The High Court for all intent and purport, thus, sought to bye-pass its own binding judgment as also the order of this Court. Moreover, the effect of such judgments did not fall for discussion by the High Court. The effect of non-joinder of the respondents would not be such which would confer a legal right upon them to file another writ petition whereby and whereunder the effect of the earlier judgment would be completely wiped out.

In Prabodh Verma (supra),this Court in the factual matrix obtaining therein was of the view that the High Court ought not to have heard or disposed of the writ petition under Article 226 of the Constitution of India.

In the instant case, 18 persons were impleaded as respondents in their individual as also representative capacity. Even if the respondents were aggrieved, they could have come before this Court under Article 136 of the Constitution of India. Even a review petition at their instance was maintainable. Prior to issuance of letter of termination dated 23.04.2001, they questioned the order of termination only. Such order of termination cannot be said to be in any manner vitiated in law as the same had been issued pursuant to or in furtherance of a lawful judgment passed by the High Court and affirmed by this Court. It was a duty of the High Court to follow the decision of this Court.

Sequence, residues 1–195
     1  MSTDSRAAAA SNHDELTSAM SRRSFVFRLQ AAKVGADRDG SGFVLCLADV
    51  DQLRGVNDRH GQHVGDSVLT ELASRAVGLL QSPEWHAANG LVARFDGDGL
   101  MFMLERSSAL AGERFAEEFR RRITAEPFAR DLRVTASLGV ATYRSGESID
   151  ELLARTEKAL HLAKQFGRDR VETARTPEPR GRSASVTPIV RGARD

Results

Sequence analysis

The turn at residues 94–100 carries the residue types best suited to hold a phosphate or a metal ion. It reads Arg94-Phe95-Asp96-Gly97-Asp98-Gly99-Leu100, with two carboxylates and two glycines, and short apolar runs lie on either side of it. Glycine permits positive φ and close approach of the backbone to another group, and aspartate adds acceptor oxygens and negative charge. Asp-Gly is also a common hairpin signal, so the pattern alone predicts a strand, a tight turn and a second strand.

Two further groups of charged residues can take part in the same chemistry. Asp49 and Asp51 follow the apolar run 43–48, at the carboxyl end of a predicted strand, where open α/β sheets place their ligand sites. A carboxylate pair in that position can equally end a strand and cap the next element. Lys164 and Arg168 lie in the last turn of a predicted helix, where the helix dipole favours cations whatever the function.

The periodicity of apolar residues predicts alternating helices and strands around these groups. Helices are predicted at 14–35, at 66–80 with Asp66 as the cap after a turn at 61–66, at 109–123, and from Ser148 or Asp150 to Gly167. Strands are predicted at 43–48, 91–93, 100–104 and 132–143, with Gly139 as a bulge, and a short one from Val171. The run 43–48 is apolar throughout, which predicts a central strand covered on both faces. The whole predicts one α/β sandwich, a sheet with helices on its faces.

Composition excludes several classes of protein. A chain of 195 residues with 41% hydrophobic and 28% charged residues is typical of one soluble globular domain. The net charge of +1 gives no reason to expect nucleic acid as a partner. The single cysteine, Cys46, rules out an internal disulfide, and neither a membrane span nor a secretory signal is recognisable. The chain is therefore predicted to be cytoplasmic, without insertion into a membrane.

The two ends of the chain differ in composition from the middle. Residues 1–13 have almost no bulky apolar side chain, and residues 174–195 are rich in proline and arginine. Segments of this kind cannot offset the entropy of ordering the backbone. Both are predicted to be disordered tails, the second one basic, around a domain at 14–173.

In Dwarikesh Sugar Industries Ltd. v. Prem Heavy Engineering Works (P) Ltd. And Another [(1997) 6 SCC 450], it was held :

"When a position, in law, is well settled as a result of judicial pronouncement of this Court, it would amount to judicial impropriety to say the least, for the subordinate courts including the High Courts to ignore the settled decisions and then to pass a judicial order which is clearly contrary to the settled legal position. Such judicial adventurism cannot be permitted and we strongly deprecate the tendency of the subordinate courts in not applying the settled principles and in passing whimsical orders which necessarily has the effect of granting wrongful and unwarranted relief to one of the parties. It is time that this tendency stops." [See also Ajay Kumar Bhuyan and Ors. etc. v. State of Orissa and Ors. etc.